Free Coin Exchanges Are a Thing Again at Las Vegas Casinos

For a long time, casino customers took their spare change (often pounds of it in a variety of
containers) to cashier cages, traded coins for “real money” and immediately blew the money gambling.

Casinos took coins readily, no charge. Because they sort of knew where the money would end up. It’s like when casinos provide free check cashing services. They’re just that selfless.

Casino coin exchange
These are our actual coins. As if you weren’t already up in our personal business enough.

Over time, charges for coin exchanges began to creep in, and many customers took their coins
elsewhere. The use of coins in slot machines also fell out of favor, so coins became even more scarce in casinos.

Thanks to the COVID crisis, there’s a nationwide coin shortage, and casinos are again offering free coin exchanges.

Coin shortage
Coin shortage mystery solved.

A number of Boyd Gaming casinos have started taking coins, free of charge.

Boyd coin exchanges
Boyd is going to be awash in coinage.

Four Queens and Binion’s were among the first Las Vegas casinos to ramp up their free coin exchange programs during the recent coin shortage.

To the credit of the cashier at Four Queens, he didn’t seem annoyed at all by our coin redemption, despite the fact most casino coin sorting machines were purchased around the same time “commercial air travel” was invented.

Four Queens cashier
Fun fact: In the coin world, “obverse” is the front face of a coin and “reverse” is the back face.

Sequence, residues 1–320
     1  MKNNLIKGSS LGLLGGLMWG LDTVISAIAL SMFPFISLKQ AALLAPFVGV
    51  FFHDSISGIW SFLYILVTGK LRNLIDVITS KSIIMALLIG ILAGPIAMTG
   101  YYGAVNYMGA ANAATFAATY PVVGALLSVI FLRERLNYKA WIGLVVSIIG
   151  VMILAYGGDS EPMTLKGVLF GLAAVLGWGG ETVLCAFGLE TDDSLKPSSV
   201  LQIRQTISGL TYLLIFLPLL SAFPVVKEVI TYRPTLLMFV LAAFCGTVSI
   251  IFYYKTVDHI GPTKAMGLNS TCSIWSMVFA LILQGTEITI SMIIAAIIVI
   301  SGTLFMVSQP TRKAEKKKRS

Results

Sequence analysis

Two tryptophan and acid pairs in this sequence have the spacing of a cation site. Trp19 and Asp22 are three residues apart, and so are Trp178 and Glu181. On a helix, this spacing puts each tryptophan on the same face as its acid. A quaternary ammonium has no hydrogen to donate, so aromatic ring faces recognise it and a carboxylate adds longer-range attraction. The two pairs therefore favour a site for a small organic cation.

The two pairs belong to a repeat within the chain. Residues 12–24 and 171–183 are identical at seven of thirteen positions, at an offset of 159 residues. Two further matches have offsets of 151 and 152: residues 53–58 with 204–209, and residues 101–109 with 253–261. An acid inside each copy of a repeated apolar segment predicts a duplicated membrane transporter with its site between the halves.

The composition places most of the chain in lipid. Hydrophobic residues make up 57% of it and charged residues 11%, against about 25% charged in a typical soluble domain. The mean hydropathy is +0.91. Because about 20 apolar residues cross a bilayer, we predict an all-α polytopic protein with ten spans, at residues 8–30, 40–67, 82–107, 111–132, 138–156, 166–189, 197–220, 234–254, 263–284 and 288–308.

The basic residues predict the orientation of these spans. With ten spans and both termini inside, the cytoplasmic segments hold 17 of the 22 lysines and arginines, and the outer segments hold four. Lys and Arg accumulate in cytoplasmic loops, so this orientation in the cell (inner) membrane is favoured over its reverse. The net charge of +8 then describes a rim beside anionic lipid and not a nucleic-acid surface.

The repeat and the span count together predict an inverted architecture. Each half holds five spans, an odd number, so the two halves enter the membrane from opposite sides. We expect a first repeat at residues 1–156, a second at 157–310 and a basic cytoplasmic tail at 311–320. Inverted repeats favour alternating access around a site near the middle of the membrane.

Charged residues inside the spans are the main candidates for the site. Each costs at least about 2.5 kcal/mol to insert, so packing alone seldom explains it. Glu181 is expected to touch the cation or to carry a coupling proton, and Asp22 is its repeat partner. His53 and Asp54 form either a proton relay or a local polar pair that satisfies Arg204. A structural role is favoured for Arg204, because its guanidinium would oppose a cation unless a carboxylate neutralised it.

Below is the breakdown of our redemption.

We are not a math person, but we’re pretty sure this distribution of denominations is universal among people who collect spare change.

Four Queens coin exchange
Nickels and dimes are so jealous of the popularity of pennies and quarters right now.

Others had free coin exchanges all along. El Cortez and Ellis Island, among them. Of course, we’ve written about this before. We’ve apparently written about everything before.

We’ve used the coin exchange machine at El Cortez numerous times, partly because of the convenience, but also because we find the coin sorting very relaxing.

It was through our exchanging of coins to gamble we learned a red Solo cup holds about $60.

One of the great things about exchanging spare change for real money is, when you’re gambling, it doesn’t feel like real money. It feels “found.”

Cal coins
The Cal has enough challenges with the Hawaii travel restrictions. Turning in coins is the least we can do.

It’s well-known “found” money is much more fun to play! Stimulus checks. Divorce settlements. Tax refunds. Inheritances. The list goes on and on.

So, bag up those coins and take them to your favorite casino. Because, honestly, who has time to wait for a divorce to be finalized?